Peers have defeated the Government in backing a move aimed at ensuring troops accused of the most serious offences are normally tried in a civilian court.
The House of Lords supported the presumption against such cases being dealt with by the military justice system by 210 votes to 190, majority 20.
The change in the upper chamber to the Armed Forces Bill means service personnel alleged to have committed in the UK the most severe crimes, such as murder, rape and child abuse, would be dealt with in the civilian courts rather than a court martial, unless authorised by the Attorney General on grounds of complexity.
The legislation renews the statutory basis of the British military every five years.
It will also further incorporate the Armed Forces Covenant into law and makes several changes to the service justice system.
Labour former Attorney General Lord Morris of Aberavon argued military personnel should have the same legal safeguards as civilians.
He said: "Every service person should have the same protection by his or her day in court as a civilian counterpart. Our forces are now much closer to those in civilian life than they were and should have the same rights, hallowed and developed over centuries, as civilians."
Former Lord Chief Justice and independent crossbencher Lord Thomas of Cwmgiedd said: "We have always tried and marked the seriousness of crimes… by trial by jury. Magna Carta conferred on defendants the right of trial by jury.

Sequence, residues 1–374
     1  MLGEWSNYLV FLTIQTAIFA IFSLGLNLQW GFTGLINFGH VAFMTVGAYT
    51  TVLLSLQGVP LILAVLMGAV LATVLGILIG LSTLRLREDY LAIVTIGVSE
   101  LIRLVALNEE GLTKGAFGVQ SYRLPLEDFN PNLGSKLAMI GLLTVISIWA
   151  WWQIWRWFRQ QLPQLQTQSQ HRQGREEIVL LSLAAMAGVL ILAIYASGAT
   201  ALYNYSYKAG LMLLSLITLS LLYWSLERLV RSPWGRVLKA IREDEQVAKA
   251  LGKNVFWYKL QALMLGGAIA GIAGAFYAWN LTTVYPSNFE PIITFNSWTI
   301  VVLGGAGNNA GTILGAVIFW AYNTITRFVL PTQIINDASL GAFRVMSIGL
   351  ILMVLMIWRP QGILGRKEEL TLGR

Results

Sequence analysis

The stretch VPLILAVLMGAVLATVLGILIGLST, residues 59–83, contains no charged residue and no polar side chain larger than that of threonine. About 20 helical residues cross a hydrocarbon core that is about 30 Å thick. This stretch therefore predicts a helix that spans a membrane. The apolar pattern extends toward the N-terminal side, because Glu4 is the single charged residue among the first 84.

"Today we take account of the interests of the victim of such crimes and they only have confidence in trial by jury. Particularly in so many of these cases, they turn on credibility, and on that the judgment of ordinary men and women, drawn from a jury, are the only way to achieve justice."
Opposing the proposed legislative change, Defence Minister Baroness Goldie pointed out a review had supported the continued existence of the service justice system and found it to be "fair, robust and capable of dealing with all offending".
The creation of a Defence Serious Crime Unit in the Bill "will further improve the skills and capability of the service police to deal with these more serious offences", she said.
The minister added: "We do not, therefore, believe the presumption in favour of these offences being heard in the civilian courts is necessary, appropriate or justified."